Rural Redevelopment Organizations Address Pressing Issues within Rural Communities

Ed Greable Blogger July 13, 2017

While rural development may seem like a reasonable solution for offering more affordable housing in the country’s most expensive cities, the National Rural Housing Coalition reports that rural development funding has been cut by 75 percent over the last 40 years. At the same time, the poverty rate in rural areas is triple that of urban areas. As such, a number of organizations are working toward fixing and fortifying these communities. The following are organizations that have received the nod of approval from the National Rural Housing Coalition.

Coastal Enterprises

Based in the city of Brunswick in Maine, Coastal Enterprises is a regional-development organization that focuses on the continued growth of agriculture, fisheries and rural areas. The goal of the organization is to grow good jobs and environmentally sustainable enterprises in Maine and throughout the country.

Started in the late ‘70s by Ron Phillips, Coastal Enterprises was originally formed to help redevelop a fish freezer and processing plant in Boothbay Harbor. It has since mobilized more than $300 million in funding to assist rural areas. In the process, the organization has also created or helped to preserve more than 30,000 jobs. It has also become the largest distributor of economic development tax credits in the country, having helped send millions of dollars in loans and other funding to businesses in rural parts of the country. Its partnerships, such as the one it recently formed with Forager, have also helped rural residents. Thanks to the Forager partnership, small farms can now more efficiently distribute fresh food to customers by helping farmers link to a better distribution system.

BitSource

Communities that built themselves around coal mining are struggling as the industry continues to decline. A recent startup called BitSource strives to address this issue by training miners in coding and software development, thereby providing them with a new marketable skill to help them in the job market. Launched in 2015 by two Kentucky businessmen, BitSource is based on the idea that coal miners are technology workers who get dirty. Not only are they already adept at teamwork, but they are also experienced with operating complex engineering technology. A similar nonprofit organization, Mined Minds, was also started to specifically assist those in Pennsylvania and West Virginia.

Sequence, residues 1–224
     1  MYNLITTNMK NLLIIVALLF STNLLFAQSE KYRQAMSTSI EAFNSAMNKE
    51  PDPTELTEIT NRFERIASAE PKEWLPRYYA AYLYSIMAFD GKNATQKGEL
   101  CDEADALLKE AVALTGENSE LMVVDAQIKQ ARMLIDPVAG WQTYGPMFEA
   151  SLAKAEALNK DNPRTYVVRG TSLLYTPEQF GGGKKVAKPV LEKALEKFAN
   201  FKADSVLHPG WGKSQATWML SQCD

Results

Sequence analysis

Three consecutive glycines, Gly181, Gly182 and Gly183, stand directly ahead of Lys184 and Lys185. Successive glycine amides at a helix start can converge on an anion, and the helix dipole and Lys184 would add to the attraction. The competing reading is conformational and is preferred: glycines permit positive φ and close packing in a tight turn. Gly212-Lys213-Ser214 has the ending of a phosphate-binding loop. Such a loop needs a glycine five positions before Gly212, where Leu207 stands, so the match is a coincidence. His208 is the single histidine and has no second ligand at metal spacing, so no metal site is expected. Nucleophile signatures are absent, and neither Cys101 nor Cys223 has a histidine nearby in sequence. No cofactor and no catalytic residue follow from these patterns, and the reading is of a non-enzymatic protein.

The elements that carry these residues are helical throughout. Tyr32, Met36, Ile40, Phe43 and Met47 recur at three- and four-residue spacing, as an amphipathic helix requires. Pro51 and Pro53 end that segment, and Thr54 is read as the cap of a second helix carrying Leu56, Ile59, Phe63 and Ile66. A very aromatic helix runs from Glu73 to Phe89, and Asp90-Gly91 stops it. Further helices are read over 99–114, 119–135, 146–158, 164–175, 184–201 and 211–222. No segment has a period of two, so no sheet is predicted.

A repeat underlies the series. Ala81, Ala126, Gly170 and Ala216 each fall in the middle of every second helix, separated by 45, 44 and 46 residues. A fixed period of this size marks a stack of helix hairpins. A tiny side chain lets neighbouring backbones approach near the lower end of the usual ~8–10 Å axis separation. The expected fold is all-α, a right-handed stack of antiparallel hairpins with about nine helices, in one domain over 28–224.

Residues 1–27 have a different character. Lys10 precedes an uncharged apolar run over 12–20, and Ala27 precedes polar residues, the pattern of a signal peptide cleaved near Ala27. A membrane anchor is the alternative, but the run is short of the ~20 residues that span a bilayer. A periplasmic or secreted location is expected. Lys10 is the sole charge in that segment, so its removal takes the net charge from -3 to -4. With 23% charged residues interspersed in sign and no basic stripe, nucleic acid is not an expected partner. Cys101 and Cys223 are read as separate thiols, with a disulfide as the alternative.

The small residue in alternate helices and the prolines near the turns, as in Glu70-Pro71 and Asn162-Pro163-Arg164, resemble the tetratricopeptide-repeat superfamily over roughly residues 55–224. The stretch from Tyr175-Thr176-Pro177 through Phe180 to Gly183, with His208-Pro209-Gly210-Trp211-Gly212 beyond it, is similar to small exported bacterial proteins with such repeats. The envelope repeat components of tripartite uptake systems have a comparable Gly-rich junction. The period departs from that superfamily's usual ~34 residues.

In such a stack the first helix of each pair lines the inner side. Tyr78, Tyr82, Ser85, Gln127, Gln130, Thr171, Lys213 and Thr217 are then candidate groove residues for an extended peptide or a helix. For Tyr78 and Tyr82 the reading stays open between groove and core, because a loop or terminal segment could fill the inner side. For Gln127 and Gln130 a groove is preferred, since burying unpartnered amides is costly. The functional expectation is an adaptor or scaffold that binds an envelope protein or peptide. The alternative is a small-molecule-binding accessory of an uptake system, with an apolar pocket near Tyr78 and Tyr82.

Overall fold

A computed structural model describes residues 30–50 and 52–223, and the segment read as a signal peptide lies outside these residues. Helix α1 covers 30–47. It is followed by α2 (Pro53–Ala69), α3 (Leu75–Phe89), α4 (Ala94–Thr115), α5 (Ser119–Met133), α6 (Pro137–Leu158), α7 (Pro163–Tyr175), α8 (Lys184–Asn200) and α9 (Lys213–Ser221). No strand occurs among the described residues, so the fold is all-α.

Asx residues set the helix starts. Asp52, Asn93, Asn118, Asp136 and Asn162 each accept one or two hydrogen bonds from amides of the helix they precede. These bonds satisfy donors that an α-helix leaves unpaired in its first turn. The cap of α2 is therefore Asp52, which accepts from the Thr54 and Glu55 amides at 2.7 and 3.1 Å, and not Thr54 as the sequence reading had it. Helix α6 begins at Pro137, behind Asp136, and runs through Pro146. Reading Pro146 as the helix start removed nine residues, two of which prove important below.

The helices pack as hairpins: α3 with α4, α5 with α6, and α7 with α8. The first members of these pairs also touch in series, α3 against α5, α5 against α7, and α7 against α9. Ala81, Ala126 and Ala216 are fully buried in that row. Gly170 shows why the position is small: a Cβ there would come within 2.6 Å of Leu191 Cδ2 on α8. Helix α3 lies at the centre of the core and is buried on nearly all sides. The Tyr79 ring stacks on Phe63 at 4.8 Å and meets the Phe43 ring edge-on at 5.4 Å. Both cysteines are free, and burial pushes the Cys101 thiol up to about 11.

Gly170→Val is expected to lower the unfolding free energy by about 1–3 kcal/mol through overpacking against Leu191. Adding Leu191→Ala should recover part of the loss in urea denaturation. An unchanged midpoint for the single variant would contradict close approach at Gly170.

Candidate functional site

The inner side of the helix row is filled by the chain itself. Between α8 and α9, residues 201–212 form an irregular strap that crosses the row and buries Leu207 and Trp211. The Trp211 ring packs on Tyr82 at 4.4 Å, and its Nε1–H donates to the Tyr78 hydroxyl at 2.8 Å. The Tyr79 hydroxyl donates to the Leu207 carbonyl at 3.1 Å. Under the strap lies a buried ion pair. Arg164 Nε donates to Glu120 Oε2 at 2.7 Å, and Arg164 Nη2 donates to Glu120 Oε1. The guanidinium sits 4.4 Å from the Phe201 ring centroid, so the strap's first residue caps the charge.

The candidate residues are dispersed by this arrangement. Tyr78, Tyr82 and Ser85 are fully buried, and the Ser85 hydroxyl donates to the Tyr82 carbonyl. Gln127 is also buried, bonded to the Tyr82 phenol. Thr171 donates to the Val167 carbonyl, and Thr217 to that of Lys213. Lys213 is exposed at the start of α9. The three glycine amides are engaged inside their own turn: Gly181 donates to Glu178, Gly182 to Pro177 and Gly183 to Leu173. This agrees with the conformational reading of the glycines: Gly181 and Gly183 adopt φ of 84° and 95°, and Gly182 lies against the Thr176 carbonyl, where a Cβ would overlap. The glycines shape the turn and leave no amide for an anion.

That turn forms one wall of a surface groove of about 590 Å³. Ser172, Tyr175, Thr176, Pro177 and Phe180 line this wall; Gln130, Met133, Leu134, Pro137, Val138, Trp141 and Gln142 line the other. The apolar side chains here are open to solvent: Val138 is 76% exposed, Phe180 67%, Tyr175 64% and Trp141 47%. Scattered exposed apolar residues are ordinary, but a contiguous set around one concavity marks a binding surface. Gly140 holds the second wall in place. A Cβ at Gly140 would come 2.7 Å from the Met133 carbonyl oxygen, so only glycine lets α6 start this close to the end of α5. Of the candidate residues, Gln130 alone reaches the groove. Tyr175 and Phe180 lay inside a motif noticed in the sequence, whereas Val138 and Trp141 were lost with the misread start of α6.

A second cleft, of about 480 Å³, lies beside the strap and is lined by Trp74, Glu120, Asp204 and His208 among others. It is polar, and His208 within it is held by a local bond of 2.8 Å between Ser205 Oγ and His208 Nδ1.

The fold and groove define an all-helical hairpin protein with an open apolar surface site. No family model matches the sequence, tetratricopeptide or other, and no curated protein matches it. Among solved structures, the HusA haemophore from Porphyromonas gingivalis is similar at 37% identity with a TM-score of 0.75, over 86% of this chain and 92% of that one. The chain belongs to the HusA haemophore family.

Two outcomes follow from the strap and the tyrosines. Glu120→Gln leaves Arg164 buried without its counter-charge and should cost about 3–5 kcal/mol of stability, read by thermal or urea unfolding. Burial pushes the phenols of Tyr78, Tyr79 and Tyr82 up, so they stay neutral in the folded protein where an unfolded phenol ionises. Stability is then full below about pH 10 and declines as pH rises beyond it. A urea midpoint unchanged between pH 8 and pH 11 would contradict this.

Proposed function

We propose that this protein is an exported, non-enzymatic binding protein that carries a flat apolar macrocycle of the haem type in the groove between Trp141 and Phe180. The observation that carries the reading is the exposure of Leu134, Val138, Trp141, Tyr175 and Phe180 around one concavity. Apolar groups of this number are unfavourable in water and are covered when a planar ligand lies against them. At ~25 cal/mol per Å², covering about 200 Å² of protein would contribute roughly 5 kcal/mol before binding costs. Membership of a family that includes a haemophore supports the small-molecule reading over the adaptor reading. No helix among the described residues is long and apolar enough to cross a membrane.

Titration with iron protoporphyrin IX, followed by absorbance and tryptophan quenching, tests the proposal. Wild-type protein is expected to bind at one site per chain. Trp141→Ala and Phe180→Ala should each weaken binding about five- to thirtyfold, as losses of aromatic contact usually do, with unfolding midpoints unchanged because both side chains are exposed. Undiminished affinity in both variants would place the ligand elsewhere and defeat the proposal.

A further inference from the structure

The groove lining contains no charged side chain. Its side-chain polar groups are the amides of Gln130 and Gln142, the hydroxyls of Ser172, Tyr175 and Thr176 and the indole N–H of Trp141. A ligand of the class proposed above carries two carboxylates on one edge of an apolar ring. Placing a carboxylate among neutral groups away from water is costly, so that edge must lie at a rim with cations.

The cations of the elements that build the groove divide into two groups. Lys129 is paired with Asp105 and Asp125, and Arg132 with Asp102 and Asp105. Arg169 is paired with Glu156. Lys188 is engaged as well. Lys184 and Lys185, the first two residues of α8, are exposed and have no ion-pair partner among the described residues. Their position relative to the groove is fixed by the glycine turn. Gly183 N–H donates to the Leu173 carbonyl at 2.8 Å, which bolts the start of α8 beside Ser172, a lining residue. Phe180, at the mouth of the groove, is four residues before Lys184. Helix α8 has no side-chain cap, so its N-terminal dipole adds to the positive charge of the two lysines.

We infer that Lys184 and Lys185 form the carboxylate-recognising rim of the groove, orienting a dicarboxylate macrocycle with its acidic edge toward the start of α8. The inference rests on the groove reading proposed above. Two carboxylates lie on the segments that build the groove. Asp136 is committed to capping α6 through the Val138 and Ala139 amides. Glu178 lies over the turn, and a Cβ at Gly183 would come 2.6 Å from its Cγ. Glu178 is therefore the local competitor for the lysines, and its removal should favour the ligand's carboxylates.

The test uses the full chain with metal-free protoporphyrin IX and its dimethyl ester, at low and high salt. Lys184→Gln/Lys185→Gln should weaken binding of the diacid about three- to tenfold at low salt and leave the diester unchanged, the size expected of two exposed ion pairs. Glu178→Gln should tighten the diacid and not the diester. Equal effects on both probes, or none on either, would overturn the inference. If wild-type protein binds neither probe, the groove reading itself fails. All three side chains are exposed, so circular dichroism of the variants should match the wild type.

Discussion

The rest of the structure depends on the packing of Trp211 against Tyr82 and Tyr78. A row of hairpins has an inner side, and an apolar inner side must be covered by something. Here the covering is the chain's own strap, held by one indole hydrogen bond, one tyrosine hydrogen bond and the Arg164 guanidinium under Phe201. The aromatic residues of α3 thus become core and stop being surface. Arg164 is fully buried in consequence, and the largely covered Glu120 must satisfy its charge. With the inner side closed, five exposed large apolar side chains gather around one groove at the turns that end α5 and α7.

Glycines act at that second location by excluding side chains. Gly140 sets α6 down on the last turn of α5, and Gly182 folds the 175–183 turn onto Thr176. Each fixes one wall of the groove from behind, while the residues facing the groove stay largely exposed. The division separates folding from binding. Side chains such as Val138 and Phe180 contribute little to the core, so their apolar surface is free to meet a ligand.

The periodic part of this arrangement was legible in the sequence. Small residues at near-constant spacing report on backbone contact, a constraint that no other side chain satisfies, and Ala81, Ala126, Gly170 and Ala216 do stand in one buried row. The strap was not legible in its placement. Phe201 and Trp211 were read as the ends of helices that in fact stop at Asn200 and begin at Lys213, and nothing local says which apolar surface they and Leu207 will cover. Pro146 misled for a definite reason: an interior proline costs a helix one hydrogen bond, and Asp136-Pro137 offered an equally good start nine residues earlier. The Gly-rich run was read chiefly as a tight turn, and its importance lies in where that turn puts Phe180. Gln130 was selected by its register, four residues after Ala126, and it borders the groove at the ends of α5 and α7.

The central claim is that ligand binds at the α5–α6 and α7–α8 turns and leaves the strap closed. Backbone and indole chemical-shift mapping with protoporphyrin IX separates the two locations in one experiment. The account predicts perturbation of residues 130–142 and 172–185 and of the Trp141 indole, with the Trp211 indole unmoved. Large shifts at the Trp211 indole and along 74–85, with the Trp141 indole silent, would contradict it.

Energy Raisers

Founded in 2004, Energy Raisers puts a new twist on a traditionally Amish community gathering. Through the Plymouth Area Renewable Energy Initiative, the organization is able to help reduce energy costs while also increasing resilience for local homes and businesses. This is accomplished by bringing together volunteers to help set up solar installations, thereby helping to lower the cost of clean energy by providing free labor.

In the past 13 years, the group has overseen hundreds of installations, thereby providing communities with energy and hot water. The group serves as an example of how even a small group can have a major impact on rural power co-ops and agriculture.

A similar program, Rural Energy for America Programs (REAP), was created in 2003. The program invested $237 million in renewable and energy-efficiency programs last year alone. $5 million of these dollars went toward 337 solar projects.

Self-Help Enterprises

Active since 1965, Self-Help Enterprises helps agricultural workers and other blue-collar workers become homeowners. This goal is accomplished by creating a community support system within the low-income stretch of the state known as the Central Valley. Through this support system, groups of prospective owners band together to help build each other’s homes with the help of professional construction workers and supervisors. Families involved with the program put in an average of 1,300 hours of work and no one moves in until ever new home is finished. Over the years, the program has helped 24,000 families become homeowners. In addition, by having prospective homeowners work together to build the homes, the program also effectively serves to build a sense of community. Similar programs include the Office of Rural and Farmworker Housing in Washington state and Tierra Del Sol in New Mexico.

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